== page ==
Increasingly in relationships, one part or the other bring assets or funds which they wish to protect. This is as true for the rural community as it is for any other. As an unmarried couple, it is important that ownership of the property as recorded in the purchase documentation reflects your intentions and reality.
Although many people think it, there is no such thing as a ‘common law marriage’ – so if there is a dispute when a relationship breaks down, this can be extremely costly and burdensome to navigate.
While a declaration of trust will formalise interests in the property ownership, a cohabitation agreement can do this and can also help regulate the financial affairs of the relationship. For example, if one person is making a greater contribution to the mortgage payments in order to make up or ‘match’ a deposit payment by the other.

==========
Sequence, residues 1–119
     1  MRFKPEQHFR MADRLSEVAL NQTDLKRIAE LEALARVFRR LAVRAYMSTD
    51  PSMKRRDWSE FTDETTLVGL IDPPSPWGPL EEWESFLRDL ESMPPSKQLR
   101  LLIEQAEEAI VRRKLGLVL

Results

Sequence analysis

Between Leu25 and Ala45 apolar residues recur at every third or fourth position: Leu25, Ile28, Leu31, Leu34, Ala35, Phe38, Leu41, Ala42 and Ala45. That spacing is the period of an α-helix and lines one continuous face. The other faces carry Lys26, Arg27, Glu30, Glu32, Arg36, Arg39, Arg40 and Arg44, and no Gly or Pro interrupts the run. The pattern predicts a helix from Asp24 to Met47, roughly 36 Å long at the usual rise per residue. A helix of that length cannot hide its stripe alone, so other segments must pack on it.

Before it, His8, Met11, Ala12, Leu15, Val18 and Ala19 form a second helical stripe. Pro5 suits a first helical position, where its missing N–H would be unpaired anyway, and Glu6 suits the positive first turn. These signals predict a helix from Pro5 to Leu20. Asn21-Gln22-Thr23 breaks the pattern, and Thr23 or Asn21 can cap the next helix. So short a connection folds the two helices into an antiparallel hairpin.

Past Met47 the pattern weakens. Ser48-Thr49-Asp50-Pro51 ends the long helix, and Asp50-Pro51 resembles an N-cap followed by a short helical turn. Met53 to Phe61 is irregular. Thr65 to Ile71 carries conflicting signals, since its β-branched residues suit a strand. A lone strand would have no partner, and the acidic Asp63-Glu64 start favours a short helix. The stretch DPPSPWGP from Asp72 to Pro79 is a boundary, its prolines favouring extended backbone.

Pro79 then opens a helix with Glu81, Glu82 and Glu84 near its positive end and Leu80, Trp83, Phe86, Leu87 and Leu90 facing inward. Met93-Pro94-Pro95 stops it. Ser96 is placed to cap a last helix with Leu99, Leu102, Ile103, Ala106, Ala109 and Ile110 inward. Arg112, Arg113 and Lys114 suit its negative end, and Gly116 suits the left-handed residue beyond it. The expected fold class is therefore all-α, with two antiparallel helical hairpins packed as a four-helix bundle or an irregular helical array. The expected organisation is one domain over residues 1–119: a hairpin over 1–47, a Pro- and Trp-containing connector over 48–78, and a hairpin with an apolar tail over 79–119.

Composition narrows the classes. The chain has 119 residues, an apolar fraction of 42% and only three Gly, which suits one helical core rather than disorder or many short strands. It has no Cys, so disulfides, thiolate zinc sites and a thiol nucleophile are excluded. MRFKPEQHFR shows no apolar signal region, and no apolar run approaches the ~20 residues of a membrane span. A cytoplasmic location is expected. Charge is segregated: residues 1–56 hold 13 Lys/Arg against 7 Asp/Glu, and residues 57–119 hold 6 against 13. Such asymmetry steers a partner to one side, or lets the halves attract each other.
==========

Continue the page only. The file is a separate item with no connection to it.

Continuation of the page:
Similarly, if there is only one legal owner then the agreement may help specify how certain actions by the non-owner will not lead to any suggestion that they have some form of financial interest in the property.
For married couples, a prenuptial agreement can help. I often see couples about to marry where one of them has established assets, an inheritance, or assets from a previous relationship. Increasingly, parents provide financial assistance to buy property and that too requires protection as does their own or family business perhaps, or farm. While prenuptial agreements are not automatically legally binding, a properly drawn and fair agreement is one that a court will have to consider when exercising its discretion.
The aim of both documents is to provide a clear path to what happens on separation or divorce; to be the definitive guide as opposed to being drawn into expensive, time consuming and stressful litigation.